New Herald-Leader owners must ‘invest in our community,’ Lexington mayor writes to judge

Mayor Gorton complimentary of the Herald-Leader: ‘While it’s not always comfortable, it’s always

important to challenge the decisions cities make, and to deeply examine the actions of government.’

 

By Morgan Eads, Lexington Herald-Leader

The day before the planned auction of the company that owns the Herald-Leader and 29 other newspapers across the country, Lexington’s mayor wrote a letter to the presiding judge asking him to consider the impact the move will have on communities.

Lexington Mayor Linda Gorton’s letter to U.S. Bankruptcy Court Judge Michael E. Wiles was one of several sent by mayors in cities with McClatchy-owned papers that stressed the importance of local journalism and of the decision of what will happen to the company.

The sale of McClatchy, which filed for bankruptcy earlier this year, is set to be decided Wednesday at auction. Judge Wiles would have to sign off on a sale on July 24, McClatchy has previously reported.

Lexington Mayor Linda Gorton

Gorton’s letter discussed her own experience with the Herald-Leader, and the impact the newspaper has had on the community.

“Since 1999, I’ve had a ringside seat to the forces that have led to Lexington’s growth and development,” Gorton wrote in the letter. “The Herald-Leader is one of those forces. It has been vitally important to our progress.”

The Herald-Leader provides information the people of Lexington need to be “involved, effective” citizens, Gorton wrote.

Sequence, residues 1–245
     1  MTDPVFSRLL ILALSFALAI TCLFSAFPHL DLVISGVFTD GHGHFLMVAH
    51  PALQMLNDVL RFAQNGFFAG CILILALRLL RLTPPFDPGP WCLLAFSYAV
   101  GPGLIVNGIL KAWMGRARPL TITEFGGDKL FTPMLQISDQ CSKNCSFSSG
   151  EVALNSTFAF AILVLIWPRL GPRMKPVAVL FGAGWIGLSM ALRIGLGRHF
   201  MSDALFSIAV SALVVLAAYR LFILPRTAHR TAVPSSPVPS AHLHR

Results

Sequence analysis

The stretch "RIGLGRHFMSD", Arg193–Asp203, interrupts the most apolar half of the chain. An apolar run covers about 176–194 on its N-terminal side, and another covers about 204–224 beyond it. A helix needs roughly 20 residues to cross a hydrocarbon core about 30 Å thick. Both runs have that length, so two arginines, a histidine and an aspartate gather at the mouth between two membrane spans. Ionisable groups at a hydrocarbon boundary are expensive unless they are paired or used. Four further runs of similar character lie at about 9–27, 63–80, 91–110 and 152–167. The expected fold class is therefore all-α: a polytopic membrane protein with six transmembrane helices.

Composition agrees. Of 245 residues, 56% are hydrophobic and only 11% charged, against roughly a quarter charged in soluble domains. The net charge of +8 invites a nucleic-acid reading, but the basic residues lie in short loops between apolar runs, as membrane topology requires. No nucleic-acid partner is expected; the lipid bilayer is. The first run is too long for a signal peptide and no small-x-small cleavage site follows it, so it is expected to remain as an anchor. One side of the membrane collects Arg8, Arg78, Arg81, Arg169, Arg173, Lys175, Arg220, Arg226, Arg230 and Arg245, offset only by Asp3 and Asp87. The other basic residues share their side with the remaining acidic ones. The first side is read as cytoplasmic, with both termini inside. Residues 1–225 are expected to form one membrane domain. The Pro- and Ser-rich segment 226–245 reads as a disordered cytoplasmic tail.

“Yes, the newspaper holds our feet to the fire through investigative stories and in-depth coverage,” Gorton wrote. “While it’s not always comfortable, it’s always important to challenge the decisions cities make, and to deeply examine the actions of government.”

Gorton acknowledged that, like many newspapers, the Herald-Leader has suffered budget cuts and job losses in recent years.

“Even so, it continues to demonstrate its importance to our community, most recently with its coverage of racial unrest in our town and of the COVID-19 pandemic,” Gorton wrote.

Gorton’s letter joined those from mayors in other cities with McClatchy-owned newsrooms, like Sacramento and Miami, that also made appeals to Wiles ahead of the decision.

Miami Mayor Francis Suarez urged the judge to consider “locally rooted” buyers when weighing the decision and Sacramento Mayor Darrell Steinberg called for consideration of local funding and donations to support the Sacramento Bee and other papers.

In her letter, Gorton noted that the Herald-Leaders’ roots trace back to 1870. She called on Wiles to consider buyers who will invest in the Herald-Leader’s local journalism.

“We want our newspaper to emerge from this bankruptcy with owners who are willing to invest in our community, and provide us with journalism at its best.” Gorton wrote. “That is the tradition of our Pulitzer Prize winning newspaper.”

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